WE INTERRUPT FOR A FEW WORDS ABOUT ALISON AND EWING
To the list of extraordinary Colonial Philadelphians we must add the names of these two Doctors of Divinity.
In addition to being a minister, John Ewing was a brilliant mathematician. A committee of scholars of which he was a member charted the transit of Venus in 1769. He helped fellow mathematician David Rittenhouse survey the Mason and Dixon line. He became first Provost of the University of the State of Pennsylvania and was a member of the American Philosophical Society. In addition, once the Declaration of Independence was signed, Ewing would offer no prayers to George III.
Francis Alison has been called the greatest classical scholar in the Colonies. He was Vice-Provost of the College, Academy, and Charitable School of Philadelphia, and, like Ewing, a member of the American Philosophical Society. Plus, to his glory or censure, he founded the first life insurance company in the colonies, "The Corporation for the Relief of Poor and Distressed Presbyterian Ministers." Using money from the Ministries, Alison sponsored missions to proselytize Native Americans living on the frontier.
BACK TO OUR STORY
Alison, recognizing that the First Church could no longer accommodate the swell of Presbyterian immigrants, arranged for a new church to be built as a satellite of the First Church. In 1764, Alison purchased a plot of land from William Penn's sons Thomas and Richard. The site they chose was coincidentally, where George Whitefield gave a public sermon and is what is today called the Old Pine Street Presbyterian Church.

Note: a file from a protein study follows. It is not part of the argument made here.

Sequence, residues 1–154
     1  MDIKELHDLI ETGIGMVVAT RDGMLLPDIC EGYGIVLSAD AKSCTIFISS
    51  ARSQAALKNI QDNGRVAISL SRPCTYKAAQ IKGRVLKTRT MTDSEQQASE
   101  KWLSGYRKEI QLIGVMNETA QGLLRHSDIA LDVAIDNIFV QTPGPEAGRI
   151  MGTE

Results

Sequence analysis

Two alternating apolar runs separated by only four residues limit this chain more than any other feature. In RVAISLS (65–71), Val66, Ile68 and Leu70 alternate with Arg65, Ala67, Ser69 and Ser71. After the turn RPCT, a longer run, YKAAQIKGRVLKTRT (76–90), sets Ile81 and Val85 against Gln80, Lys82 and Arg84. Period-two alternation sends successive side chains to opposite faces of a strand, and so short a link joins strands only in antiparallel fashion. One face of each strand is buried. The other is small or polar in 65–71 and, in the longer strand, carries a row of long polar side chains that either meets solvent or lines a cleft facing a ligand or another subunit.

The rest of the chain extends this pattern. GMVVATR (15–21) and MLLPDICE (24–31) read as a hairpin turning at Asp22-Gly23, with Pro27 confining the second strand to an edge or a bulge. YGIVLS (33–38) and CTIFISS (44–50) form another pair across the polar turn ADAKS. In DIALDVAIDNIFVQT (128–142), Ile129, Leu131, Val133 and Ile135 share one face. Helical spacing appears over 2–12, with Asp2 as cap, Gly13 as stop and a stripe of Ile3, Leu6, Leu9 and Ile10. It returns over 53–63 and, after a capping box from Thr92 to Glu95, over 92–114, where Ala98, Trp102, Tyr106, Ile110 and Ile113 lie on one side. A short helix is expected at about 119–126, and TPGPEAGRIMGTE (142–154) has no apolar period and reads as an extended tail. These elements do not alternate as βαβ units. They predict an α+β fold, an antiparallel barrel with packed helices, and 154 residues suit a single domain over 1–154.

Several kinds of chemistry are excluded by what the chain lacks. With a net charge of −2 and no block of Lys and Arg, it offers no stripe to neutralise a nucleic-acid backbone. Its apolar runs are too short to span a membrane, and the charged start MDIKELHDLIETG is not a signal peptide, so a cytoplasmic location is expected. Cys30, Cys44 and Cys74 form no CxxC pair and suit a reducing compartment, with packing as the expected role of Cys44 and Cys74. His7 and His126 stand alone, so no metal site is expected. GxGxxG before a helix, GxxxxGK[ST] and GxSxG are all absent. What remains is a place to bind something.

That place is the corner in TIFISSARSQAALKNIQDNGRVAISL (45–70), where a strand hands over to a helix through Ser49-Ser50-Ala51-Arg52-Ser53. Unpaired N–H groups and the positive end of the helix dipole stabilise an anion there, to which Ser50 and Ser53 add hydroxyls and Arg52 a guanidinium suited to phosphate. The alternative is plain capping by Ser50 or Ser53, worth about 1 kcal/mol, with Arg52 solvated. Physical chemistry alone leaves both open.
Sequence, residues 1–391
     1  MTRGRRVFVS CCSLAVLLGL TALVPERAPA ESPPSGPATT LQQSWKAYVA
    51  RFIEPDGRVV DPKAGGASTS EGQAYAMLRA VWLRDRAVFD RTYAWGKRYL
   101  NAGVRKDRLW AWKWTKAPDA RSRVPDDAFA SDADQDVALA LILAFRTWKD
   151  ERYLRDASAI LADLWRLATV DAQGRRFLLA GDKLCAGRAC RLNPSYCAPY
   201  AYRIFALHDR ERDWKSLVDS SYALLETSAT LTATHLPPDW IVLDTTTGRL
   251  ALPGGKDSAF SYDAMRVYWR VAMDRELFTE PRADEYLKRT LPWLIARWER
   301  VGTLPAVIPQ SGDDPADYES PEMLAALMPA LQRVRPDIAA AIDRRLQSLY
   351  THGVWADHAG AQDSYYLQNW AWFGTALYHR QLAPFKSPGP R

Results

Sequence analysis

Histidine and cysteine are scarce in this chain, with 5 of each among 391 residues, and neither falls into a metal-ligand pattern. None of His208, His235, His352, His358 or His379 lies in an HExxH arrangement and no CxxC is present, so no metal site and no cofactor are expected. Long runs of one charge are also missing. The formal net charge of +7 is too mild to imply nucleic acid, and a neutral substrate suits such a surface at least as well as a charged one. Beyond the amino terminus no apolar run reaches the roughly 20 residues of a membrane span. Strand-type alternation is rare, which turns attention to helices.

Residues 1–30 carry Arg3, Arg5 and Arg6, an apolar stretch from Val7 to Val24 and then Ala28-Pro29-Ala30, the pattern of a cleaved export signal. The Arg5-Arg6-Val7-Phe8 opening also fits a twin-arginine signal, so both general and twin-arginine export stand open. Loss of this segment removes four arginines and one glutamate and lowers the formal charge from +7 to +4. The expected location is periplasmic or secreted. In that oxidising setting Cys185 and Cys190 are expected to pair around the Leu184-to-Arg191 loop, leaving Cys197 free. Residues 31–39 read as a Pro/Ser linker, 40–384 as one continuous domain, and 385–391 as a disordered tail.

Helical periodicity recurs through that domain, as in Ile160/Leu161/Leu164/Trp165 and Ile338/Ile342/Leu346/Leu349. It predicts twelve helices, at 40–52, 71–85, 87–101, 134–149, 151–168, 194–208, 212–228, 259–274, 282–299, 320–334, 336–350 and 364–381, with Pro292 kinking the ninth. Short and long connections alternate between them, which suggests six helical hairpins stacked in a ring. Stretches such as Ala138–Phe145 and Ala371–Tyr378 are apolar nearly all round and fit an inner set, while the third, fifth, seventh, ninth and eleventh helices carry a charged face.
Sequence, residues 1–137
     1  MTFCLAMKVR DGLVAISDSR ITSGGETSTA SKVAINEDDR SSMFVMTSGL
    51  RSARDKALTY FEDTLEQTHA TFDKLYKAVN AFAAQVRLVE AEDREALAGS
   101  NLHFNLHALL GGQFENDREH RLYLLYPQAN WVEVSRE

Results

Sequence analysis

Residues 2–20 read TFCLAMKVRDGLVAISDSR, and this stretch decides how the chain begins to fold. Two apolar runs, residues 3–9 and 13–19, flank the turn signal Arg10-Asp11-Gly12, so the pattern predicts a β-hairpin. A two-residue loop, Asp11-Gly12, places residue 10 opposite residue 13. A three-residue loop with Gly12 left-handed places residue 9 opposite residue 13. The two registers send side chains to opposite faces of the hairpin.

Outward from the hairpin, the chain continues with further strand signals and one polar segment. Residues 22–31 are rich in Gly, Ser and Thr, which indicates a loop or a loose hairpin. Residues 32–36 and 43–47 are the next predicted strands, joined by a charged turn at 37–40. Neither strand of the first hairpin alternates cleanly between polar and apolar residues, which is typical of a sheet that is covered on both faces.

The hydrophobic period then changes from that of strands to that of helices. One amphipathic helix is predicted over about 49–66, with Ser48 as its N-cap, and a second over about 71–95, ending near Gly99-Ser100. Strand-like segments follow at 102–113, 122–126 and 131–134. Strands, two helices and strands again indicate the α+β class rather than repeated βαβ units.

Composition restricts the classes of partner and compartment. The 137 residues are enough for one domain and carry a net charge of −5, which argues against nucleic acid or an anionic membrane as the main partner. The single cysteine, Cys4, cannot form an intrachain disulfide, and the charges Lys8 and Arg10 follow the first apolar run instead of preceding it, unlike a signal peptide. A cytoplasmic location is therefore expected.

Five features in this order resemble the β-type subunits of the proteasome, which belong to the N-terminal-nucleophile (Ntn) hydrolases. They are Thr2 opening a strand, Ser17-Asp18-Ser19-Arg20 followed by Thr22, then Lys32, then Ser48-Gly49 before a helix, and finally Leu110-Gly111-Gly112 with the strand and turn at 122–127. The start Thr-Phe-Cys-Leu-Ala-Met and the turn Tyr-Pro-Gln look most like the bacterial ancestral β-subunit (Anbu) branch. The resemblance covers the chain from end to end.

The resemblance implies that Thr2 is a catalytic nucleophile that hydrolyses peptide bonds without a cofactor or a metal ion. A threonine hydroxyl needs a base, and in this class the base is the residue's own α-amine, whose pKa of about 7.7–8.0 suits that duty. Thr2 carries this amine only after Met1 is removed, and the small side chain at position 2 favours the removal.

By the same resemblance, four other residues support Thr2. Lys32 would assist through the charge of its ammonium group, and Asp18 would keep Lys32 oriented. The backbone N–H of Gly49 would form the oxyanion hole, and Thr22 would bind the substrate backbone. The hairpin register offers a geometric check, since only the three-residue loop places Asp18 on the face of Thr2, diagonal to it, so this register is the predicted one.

The original church, a rectangular brick Georgian structure, was designed by Robert Smith, who was born in Scotland (as were many of the Church's congregants) and was one of Colonial America's foremost master builders, or architects. Those who visit St. Peter's, Christ Church, Ben Franklin's home, or Carpenters' Hall on their virtual walking tour will become better acquainted with the venerable builder's work.
Initially it was Dr. Alison who preached here. The first Pastor hired by Alison was Samuel Aitkin, a strong supporter of American Independence. Though well liked, Aitkin resigned the Pastorate owing to a scandal in his first year. Some historians claim that the firebrand Aitkin could not control his passions when it came to his future wife. She delivered a baby six months after they were married. Alison, an "Old Light," returned to preach until 1771 when our story finally returns to the day George Duffield came to town.
GEORGE DUFFIELD'S YEARS